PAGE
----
How does support for political Islam correlate with other political attitudes in Indonesia, such as…
Is generational change taking place within Indonesia’s political parties, and how do the views of younger leaders differ to the older generation? What are the prospects that President Joko Widodo will be able to improve his dysfunctional relationship with his party, the Indonesian Democratic Party of Struggle (PDI-P), chaired by former president Megawati Soekarnoputri?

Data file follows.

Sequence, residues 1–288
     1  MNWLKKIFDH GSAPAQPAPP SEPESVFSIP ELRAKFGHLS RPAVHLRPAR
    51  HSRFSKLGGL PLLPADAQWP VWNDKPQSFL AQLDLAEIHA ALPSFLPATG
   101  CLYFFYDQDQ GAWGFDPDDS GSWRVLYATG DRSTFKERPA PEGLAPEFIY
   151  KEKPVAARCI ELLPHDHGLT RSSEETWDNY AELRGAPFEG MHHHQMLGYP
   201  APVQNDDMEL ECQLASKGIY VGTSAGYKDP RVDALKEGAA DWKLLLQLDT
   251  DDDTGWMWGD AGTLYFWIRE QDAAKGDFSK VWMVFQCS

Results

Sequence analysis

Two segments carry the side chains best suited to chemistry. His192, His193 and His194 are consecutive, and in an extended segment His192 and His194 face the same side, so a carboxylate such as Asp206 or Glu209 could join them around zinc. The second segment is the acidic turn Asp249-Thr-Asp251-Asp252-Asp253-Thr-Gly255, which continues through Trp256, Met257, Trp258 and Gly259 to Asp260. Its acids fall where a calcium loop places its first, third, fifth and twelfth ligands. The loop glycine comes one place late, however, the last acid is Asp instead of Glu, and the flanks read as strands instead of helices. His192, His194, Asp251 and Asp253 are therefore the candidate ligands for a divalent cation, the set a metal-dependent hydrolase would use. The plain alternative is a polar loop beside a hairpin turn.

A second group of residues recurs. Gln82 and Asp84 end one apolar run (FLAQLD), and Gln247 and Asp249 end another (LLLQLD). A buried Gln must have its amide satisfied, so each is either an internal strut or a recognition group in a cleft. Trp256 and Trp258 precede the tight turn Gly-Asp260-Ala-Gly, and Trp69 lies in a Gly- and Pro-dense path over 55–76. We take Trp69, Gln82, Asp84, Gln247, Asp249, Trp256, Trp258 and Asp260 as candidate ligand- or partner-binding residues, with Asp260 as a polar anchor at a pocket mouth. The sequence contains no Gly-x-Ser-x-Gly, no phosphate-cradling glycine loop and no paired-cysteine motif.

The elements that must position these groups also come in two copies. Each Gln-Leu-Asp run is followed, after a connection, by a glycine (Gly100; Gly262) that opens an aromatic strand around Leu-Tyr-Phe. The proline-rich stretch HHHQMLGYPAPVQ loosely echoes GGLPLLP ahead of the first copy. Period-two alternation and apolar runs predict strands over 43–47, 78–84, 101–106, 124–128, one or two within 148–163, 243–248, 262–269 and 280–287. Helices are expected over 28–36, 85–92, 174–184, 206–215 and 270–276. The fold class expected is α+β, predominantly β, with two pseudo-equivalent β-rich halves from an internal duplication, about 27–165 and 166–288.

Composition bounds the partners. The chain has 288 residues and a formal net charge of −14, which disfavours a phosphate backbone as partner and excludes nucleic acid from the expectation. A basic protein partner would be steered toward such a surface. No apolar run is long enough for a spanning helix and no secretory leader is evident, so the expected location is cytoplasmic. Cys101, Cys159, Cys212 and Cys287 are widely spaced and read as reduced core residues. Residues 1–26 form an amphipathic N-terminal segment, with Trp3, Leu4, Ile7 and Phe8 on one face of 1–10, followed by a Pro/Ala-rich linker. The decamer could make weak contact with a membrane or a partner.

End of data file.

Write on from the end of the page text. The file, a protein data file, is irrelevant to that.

In a sneak peek of his forthcoming Faculty of Arts Public Lecture on the State of Indonesian Democracy on 14 July, I recently interviewed Dr Philips Vermonte (Centre for Strategic and International Studies) in Jakarta on these issues. Dr Vermonte draws on CSIS’s census of four of Indonesia’s largest political parties, in which researchers interviewed thousands of provincial and district level leaders across the country.
This interview is the first in a new Talking Indonesia podcast, in which I’ll present extended interviews with experts on Indonesian politics, foreign policy, culture, language and more. Look out for a new interview each week during the first month of the podcast, and then fortnightly thereafter.
Photo by Dave McRae